A red drink is being poured from a bottle into a glass with ice;  The idea is to drink collagen

There is a great buzz surrounding collagen drinks and supplements, with celebrities and influencers touting their miraculous benefits for skin, hair and nails. Since our body’s collagen provides vital support for these tissues, it seems that taking collagen can lead to luscious locks and a youthful glow. But what does science say?

What is collagen?

Collagen is a major structural protein in our tissues. It is found in skin, hair, nails, tendons, cartilage and bones. Collagen works with other substances such as hyaluronic acid and elastin to maintain skin elasticity, volume and moisture. It helps make proteins like keratin that make up skin, hair and nails.

Our bodies naturally make collagen using amino acids from protein-rich or collagen-rich foods such as bone broth, meat, and fish. But aging, sun damage, smoking and alcohol consumption all reduce collagen production.

Collagen drinks and supplements often contain collagen from a variety of sources, such as fish, cattle, pork, or chicken. Typically, they contain peptides, short chains of amino acids that help build essential proteins in the body, including collagen and keratin.

What does science say about collagen drinks and supplements?

Studies on skin include:

  • A review and analysis of 19 studies, published International Journal of Dermatology, which had a total of 1,125 participants. Those who use collagen supplements have seen improvements in skin firmness, elasticity and moisture content, with less noticeable wrinkles. This sounds promising, but it’s unclear whether these skin improvements are actually due to collagen. Most trials have used commercially available supplements that contain more than collagen: vitamins, minerals, antioxidants, coenzyme Q10Hyaluronic acid, and chondroitin sulfate were among the additional ingredients.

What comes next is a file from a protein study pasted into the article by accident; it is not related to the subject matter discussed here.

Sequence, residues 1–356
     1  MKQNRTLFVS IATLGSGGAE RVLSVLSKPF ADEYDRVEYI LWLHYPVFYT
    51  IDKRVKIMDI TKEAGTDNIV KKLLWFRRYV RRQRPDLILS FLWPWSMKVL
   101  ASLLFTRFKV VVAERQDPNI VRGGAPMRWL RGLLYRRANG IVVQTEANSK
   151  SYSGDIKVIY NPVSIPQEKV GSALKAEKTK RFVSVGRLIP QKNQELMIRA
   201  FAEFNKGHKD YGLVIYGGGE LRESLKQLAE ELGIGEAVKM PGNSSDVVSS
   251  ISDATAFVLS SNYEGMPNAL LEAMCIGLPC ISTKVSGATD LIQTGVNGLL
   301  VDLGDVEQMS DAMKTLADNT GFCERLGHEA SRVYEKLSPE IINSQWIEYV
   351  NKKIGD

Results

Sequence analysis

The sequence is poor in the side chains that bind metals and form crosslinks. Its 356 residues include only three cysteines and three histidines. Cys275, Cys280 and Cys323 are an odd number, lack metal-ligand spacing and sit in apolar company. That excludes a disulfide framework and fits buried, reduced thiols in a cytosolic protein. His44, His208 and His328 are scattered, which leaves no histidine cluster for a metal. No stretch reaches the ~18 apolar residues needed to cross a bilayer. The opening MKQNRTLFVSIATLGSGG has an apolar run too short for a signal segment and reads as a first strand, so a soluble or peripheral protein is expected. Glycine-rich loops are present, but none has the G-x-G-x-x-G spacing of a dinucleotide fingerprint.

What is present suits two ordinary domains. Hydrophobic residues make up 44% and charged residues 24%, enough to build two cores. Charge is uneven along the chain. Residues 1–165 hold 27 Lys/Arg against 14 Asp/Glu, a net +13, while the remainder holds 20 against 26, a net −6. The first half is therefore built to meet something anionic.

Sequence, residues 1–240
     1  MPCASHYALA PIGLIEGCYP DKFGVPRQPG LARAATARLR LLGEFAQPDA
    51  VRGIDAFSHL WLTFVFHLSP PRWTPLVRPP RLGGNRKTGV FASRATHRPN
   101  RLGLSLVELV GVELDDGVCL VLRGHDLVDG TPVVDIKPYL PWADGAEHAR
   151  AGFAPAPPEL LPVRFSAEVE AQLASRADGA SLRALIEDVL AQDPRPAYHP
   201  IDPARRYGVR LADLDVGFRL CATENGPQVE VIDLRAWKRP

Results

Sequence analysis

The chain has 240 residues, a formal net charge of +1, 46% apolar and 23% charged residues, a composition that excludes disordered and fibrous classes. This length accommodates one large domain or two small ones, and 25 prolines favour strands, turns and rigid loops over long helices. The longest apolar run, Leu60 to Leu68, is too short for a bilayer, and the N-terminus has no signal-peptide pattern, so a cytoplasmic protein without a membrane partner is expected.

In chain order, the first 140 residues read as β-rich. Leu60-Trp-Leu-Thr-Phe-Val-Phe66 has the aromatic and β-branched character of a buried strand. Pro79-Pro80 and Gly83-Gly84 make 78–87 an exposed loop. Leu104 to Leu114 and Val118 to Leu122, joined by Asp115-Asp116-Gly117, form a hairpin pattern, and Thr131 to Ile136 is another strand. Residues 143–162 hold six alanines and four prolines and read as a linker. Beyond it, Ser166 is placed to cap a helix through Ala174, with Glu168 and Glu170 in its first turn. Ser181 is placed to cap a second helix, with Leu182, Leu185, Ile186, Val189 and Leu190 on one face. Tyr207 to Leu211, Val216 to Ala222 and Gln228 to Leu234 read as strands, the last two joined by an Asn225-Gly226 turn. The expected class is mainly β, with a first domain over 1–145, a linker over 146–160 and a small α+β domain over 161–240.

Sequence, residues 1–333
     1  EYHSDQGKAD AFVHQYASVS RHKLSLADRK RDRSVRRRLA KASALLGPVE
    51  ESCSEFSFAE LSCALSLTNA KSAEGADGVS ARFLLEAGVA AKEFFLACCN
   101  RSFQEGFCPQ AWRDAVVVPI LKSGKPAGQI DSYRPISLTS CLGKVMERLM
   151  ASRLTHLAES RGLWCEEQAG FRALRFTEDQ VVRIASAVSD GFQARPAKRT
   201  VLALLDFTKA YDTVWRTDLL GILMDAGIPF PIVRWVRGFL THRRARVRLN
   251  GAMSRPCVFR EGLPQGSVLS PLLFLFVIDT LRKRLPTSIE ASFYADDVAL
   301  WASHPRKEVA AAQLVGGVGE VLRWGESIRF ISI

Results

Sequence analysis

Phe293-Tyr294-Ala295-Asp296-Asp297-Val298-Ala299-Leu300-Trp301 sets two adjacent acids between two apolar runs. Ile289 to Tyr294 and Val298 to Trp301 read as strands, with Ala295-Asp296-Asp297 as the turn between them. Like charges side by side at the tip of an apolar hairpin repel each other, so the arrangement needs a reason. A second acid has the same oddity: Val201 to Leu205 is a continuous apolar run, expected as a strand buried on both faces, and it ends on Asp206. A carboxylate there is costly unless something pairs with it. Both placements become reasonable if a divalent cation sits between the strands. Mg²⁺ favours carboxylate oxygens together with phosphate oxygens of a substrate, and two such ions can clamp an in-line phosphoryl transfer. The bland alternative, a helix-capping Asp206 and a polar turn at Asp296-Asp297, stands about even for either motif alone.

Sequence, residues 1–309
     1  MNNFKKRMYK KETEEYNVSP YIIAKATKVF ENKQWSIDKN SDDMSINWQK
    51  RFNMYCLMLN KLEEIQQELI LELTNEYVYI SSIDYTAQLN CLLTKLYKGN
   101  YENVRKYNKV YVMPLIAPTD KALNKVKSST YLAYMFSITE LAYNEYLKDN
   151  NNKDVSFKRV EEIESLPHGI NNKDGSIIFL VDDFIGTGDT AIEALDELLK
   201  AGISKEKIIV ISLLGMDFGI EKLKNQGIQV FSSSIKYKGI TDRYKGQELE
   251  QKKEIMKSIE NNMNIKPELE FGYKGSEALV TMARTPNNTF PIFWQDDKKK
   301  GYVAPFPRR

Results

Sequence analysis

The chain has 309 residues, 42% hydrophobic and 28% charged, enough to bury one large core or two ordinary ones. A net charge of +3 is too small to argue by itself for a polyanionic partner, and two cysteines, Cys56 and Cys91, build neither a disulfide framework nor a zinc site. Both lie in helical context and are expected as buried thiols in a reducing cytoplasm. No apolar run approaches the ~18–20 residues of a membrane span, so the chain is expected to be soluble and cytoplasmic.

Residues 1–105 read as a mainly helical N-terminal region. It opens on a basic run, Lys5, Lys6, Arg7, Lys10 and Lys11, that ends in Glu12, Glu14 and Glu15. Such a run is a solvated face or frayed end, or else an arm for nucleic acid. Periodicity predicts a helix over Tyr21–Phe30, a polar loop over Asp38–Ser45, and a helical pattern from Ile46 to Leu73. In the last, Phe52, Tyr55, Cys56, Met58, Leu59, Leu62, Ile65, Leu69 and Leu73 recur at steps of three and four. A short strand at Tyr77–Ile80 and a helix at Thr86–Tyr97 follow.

• Some randomized, controlled trials (see here and here) show that taking collagen supplements with high amounts of the peptides prolylhydroxyproline and hydroxyprolglycine improves skin moisture, elasticity, wrinkles, and roughness. But large, high-quality studies are needed to know whether commercially available products are helpful and safe for long-term use.

Hardly any evidence supports the use of collagen for hair and nail growth. A small 2017 study of 25 people with brittle nails found that taking 2.5 grams of collagen daily for 24 weeks improved brittleness and nail growth. However, this small study did not have a control group receiving a placebo to compare with the group receiving the collagen supplement.

There have been no studies in humans examining the benefits of collagen supplements for hair. Currently, no medical evidence supports marketing claims that collagen supplements or drinks can improve hair growth, shine, volume, and thickness.

Should you try collagen supplements or drinks?

At this time, there is not enough evidence that taking collagen pills or drinking collagen drinks will make a difference in skin, hair or nails. Our body cannot absorb collagen in its full form. In order to enter the bloodstream, it must be broken down into peptides so that it can be absorbed through the intestines.

These peptides can be further broken down into building blocks that create proteins like keratin that help form skin, hair and nails. Or the peptides can create collagen that is deposited in other parts of the body, such as cartilage, bone, muscle or tendon. So far, no human studies have clearly shown that the collagen you take orally ends up in your skin, hair, or nails.

If your goal is to improve skin texture and elasticity and reduce wrinkles, you may want to focus on sun protection and use topical retinoids. Extensive research has already proven that these measures are effective.

If you want to use a collagen supplement or drink, review the ingredients list and protein profile. Avoid supplements with excessive additives or fillers. Products with high amounts of prolylhydroxyproline and hydroxyprolglycine are better at reducing wrinkles and increasing skin moisture.

Consult your doctor before starting any new supplements. Those prone to gout or other medical conditions that require protein restriction should not use collagen supplements or drinks.

Bottom line

Large-scale trials evaluating the benefits of oral collagen supplements for skin and hair health are not available. If you’re concerned about thinning or weak hair, brittle nails, or keeping skin smooth and healthy, talk to your doctor or dermatologist for advice on a range of options.

It will also help:

  • Follow a healthy lifestyle and eat a balanced diet that includes protein-rich foods.
  • If you smoke, quit.
  • Limit alcohol to two drinks or less per day for men or one drink or less per day for women.
  • Apply sunscreen daily and remember to reapply every two hours.
  • Wear wide-brimmed or UV-protective hats and clothing when you spend a lot of time in the sun.

Follow Payal Patel on Twitter @payelpotelmd

Follow Maryanne Makredes Senna on Twitter @HairWithDrMare

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